When Eleanor Roosevelt died on this day (7 November) in 1962, she was widely regarded as “the greatest woman in the world.” Not only was she the longest-tenured First Lady of the United States, but also a teacher, author, journalist, diplomat, and talk-show host.
Edgar Allan Poe died 165 years ago today in the early morning of 7 October 1849. Only a few details of the illness that extinguished his “bright but unsteady light”4 are known because his physician, Dr. John Joseph Moran, used the illness to promote his own celebrity and in the process denied posterity an accurate clinical description.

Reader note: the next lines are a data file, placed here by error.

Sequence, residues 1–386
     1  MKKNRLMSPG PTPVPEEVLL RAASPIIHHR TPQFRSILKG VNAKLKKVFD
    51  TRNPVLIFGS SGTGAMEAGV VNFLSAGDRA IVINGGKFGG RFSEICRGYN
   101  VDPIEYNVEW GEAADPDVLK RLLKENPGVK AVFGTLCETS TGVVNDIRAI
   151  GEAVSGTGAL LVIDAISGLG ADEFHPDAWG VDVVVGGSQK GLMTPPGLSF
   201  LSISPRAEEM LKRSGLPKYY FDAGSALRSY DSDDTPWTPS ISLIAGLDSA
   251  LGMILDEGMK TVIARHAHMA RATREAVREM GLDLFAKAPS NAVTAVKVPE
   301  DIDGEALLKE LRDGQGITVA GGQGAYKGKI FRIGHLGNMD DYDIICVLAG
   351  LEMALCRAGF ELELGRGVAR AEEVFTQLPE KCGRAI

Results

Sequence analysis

By Philip Mackowiak
It has been said that the only persons who refer to themselves as “we” are royalty, college professors, and those with worms. In the 4 September 2013 issue of the Lancet, Piers Mitchell and colleagues present evidence that Richard III, one of England’s best known medieval kings and the deformed villain of Shakespeare’s Richard III, had two reasons for referring to himself in the first person plural.